Glaucus said: "Brave Diomed, why do you ask who I am, and who was my father, and my father's father? The generations of men are like the leaves on the trees. In the spring they shoot forth, and in autumn they fall, and the wind blows them to and fro. And then when the spring comes others shoot forth, and these also fall in their time. So are the generations of men; one goes and another comes. Still, if you would hear of what race I come, listen. In a certain city of Greece which is called Corinth there dwelt a great warrior, Bellerŏphon by name. Some one spoke evil of this man falsely to the King of the city, and the King believed this false thing, and plotted his death. He was ashamed to kill him, but he sent him with a message to the King of Lycia. This message was written on a tablet and the tablet was folded up in a cover, and the cover was sealed. But on the tablet was written: 'This is a wicked man; cause him to die.' So Bellerŏphon travelled to Lycia. And when he was come to the King's palace, the King made a great feast for him. For nine days did the feast last, and every day an ox was killed and eaten. On the morning of the tenth day the King said: 'Let me see the message which you have brought.' And when he had read it he thought how he might cause the man to die. First he sent him to conquer a great monster that there was in that country, called the Chimæra. Many men tried to conquer it, but it had killed them all. It had the head of a lion, and its middle parts were those of a goat, and it had the tail of a serpent; and it breathed out flames of fire. This monster he killed, the gods helping him. Then the King sent him against a very fierce tribe of men, who were called the Solymi. These he conquered after much fighting, for, as he said himself, there never were warriors stronger than they. After this he fought the Amazons, who were women fighting with the arms of men, and these also he conquered. And when he was coming back from fighting the Amazons, the King set an ambush against him, choosing for it the bravest men in the whole land of Lycia. But Bellerŏphon killed them all, and came back safe to the King's palace. When the King saw this, he said to himself: 'The gods love this man; he cannot be wicked.' So he asked him about himself, and Bellerŏphon told him the whole truth. Then the King divided his kingdom with him, and gave him his daughter to wife. Three sons he had, of whom one was the father of Sarpēdon and one was my father. And when my father sent me hither he said: 'Always seek to be the first, and to be worthy of those who have gone before.' This, then, brave Diomed, is the race to which I belong."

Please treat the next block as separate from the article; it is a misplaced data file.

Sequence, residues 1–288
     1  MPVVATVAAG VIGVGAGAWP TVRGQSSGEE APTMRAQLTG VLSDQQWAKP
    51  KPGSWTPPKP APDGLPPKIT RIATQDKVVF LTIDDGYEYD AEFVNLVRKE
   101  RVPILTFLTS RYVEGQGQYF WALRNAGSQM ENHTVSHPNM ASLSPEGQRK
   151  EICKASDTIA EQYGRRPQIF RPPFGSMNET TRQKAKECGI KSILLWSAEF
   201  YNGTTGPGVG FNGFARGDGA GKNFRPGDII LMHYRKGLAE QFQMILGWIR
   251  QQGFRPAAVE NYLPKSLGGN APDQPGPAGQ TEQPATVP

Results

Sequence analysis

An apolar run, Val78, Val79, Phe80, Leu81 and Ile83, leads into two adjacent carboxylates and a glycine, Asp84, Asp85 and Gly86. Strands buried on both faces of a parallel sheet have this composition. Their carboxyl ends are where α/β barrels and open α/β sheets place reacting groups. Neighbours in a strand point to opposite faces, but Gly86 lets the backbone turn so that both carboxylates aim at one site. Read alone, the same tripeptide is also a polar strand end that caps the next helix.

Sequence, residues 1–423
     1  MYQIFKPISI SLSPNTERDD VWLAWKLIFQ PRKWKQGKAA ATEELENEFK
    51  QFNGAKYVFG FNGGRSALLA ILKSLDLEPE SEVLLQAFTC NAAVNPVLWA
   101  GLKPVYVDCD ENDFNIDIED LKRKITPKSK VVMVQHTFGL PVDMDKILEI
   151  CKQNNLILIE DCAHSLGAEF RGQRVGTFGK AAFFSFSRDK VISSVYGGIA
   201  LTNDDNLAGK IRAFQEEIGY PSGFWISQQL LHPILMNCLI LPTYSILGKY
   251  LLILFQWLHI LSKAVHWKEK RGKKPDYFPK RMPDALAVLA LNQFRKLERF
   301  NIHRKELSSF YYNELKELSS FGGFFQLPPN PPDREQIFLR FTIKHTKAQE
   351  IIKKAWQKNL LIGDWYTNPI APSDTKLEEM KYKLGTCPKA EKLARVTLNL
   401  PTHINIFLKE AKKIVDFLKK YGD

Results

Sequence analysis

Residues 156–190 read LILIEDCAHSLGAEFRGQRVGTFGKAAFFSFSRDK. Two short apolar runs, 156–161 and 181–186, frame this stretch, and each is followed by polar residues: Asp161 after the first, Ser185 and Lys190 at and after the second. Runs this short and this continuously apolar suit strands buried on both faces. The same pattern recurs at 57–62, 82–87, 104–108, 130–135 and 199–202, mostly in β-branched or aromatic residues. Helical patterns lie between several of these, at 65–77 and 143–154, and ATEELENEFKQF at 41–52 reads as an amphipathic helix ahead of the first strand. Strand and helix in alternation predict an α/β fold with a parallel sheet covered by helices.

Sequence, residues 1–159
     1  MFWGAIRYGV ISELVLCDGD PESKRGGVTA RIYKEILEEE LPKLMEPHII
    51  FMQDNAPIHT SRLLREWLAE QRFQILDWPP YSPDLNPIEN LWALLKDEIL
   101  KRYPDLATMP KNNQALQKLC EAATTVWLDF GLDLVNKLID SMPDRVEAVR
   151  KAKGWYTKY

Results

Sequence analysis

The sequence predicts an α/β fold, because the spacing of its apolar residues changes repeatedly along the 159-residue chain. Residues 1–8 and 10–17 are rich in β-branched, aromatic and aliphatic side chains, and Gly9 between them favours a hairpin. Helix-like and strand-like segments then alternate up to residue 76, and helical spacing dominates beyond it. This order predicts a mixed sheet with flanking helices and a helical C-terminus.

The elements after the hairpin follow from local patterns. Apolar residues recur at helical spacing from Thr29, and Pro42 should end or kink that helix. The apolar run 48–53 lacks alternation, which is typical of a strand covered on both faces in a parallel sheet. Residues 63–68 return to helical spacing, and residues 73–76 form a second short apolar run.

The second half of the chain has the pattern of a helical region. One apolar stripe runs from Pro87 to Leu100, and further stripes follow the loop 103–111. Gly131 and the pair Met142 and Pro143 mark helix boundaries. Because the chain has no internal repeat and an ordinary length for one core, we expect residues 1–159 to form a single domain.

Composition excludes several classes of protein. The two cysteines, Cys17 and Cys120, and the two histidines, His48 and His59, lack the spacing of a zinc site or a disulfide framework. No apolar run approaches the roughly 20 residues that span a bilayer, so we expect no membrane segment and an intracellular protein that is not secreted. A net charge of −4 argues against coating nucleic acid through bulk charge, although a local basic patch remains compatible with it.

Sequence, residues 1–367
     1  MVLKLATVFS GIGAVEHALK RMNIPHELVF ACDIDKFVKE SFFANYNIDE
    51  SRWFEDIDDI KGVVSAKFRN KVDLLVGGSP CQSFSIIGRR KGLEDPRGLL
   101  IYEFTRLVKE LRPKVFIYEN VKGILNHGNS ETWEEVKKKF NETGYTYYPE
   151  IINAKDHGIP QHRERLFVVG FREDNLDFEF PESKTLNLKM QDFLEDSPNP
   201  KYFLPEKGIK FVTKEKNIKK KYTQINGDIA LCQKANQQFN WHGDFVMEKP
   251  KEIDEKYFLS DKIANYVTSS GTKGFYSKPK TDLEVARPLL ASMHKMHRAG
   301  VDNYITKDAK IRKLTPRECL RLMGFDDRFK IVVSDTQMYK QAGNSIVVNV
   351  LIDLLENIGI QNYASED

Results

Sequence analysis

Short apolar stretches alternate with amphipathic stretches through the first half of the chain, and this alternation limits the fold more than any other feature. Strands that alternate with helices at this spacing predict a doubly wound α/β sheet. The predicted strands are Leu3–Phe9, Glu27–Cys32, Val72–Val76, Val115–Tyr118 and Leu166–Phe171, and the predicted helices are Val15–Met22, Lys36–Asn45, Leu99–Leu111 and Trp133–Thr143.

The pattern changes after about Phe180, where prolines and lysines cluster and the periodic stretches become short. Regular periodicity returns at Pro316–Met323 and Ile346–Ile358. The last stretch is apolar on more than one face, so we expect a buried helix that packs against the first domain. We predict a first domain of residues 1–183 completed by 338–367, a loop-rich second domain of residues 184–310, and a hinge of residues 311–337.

When Diomed heard this he was very glad, and said: "It is well that we did not fight, for we ought to be friends, as our fathers were before us. Long ago Œneus entertained Bellerŏphon in his house. For twenty days he kept him. And when they parted they gave great gifts to each other, the one a belt embroidered with purple, and the other a cup of gold with a mouth on either side of it. Now Œneus was my grandfather, as Bellerŏphon was yours. If then you should come to Corinth you will be my guest, and I will be yours if I go to the land of Lycia. But now we will not fight together. There are many Trojans and allies of the Trojans whom I may kill if I can overcome them, and there are many Greeks for you to fight with and conquer, if you can. But we two will not fight together. And now let us exchange our armour, that all men may know that we are friends."

So the two chiefs jumped down from their chariots and exchanged their armour. And men said afterwards that Glaucus had lost his wits, for he gave armour of gold in exchange for armour of brass, armour that was worth a hundred oxen for armour that was worth nine only.